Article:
Mar 30, 2019
By Dr. Bill MacElroy
Well, it must be spring because we’ve already received our Sonoma Gazette Gardening Guides!
Nobody has to tell us that this has been one cold, wet winter. Many folks are still struggling to recover from way too much water and some pretty chilly temperatures. So while these events may not put us in the “garden planning” mode, it is nonetheless time to start planning our planting schemes for this year. For those of you who have already started plants indoors—good for you! But there are many opportunities for seed selections to be planted in about four to six weeks.
One thing that you may not be aware of is that the bad weather has also had a very negative impact on our pollinators. Sonoma beekeepers have been hard hit this year, with many reporting much-higher-than-normal losses of bee colonies.
“In Sonoma County, the main and sometimes only nectar flow starts in March and ends sometime in June,” says Christine Kurtz of the Sonoma County Beekeepers’ Association. “An erratic spring might make the honey bees miss important plant sources (food) because of long periods of rain that keeps the bees home bound.”
It’s hard to say exactly how the weather affects bees; but when bees face environments that they consider to be unfriendly, they can decide to leave en masse seeking better (e.g. warmer, drier, more bountiful) territories. Unfortunately, when the colony makes this decision at the wrong time of year, it’s out of the frying pan and into the fire: they have a very high likelihood of complete die-off. This year, lots of bees in the county left their hives too early and disappeared.
This is the time of year that the remaining hives, which did survive, begin to consider making new colonies by swarming. They do this by collecting as much nectar as possible, creating a new queen, who mates with drones, and then takes off with about half of the bee population in the box. This leaves the existing queen with enough workers to rebuild the colony if conditions are right.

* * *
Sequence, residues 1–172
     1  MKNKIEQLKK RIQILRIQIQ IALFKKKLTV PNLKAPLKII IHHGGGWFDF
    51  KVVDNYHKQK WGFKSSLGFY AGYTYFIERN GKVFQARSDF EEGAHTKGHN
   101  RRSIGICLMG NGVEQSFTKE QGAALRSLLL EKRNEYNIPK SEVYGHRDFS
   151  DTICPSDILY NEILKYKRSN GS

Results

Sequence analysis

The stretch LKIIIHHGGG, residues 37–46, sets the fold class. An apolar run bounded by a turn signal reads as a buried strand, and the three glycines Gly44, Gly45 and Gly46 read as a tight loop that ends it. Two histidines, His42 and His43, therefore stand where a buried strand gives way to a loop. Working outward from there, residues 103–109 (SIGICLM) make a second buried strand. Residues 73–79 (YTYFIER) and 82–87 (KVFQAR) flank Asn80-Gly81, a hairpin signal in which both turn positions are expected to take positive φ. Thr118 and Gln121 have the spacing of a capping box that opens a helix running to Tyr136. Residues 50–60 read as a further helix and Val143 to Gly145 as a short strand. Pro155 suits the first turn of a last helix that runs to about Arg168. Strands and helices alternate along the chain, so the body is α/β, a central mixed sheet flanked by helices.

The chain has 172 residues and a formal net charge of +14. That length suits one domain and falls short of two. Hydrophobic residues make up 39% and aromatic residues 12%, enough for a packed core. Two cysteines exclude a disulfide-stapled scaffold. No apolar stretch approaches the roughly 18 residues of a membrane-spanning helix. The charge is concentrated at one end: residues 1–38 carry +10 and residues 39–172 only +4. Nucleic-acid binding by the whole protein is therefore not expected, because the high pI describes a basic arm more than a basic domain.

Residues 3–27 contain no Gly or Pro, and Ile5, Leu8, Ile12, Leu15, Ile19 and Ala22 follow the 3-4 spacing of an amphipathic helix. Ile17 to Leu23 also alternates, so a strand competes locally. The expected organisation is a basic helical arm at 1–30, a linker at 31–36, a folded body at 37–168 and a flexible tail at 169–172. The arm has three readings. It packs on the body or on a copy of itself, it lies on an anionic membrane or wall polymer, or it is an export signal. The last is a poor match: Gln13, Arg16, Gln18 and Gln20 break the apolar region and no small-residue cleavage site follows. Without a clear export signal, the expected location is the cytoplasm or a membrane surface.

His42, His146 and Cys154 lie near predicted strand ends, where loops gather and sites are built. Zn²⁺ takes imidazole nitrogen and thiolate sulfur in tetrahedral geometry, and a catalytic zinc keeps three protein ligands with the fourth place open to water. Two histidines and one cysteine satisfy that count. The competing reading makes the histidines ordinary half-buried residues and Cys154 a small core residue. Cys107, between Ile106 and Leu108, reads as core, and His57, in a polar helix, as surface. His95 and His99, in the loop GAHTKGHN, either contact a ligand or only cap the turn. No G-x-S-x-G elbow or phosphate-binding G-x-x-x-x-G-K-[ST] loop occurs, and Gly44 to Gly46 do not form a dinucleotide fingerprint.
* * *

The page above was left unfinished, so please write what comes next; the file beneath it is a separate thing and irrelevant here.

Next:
Because so many colonies didn’t make it over the winter, any swarms that occur this spring are extremely important for the overall preservation of our pollinator populations. It is, therefore, up to all of us to keep our eyes open for newly swarming bees. Typically, a swarm will land on a tree branch or post or occasionally under the eaves of your house and will look like a basketball sized clump of bees. When bees swarm, they tend to be very docile and you shouldn’t be afraid of them. Whatever you do, PLEASE don’t spray them with insecticide.
If you see a swarm outside your house, please contact the SCBA Swarm patrol for a beekeeper near you here. Someone will respond quickly. It the bees are inside the walls of your house, you may need an extractor—a professional who will remove the bees and protect your home. You can find a list (without specific recommendation) here.
As always, it’s great to plant flowers and herbs that blossom throughout the summer. This will provide much-needed food for the surviving colonies. Here is a short list of some of the most helpful plants, which bees love, if you let them flower:
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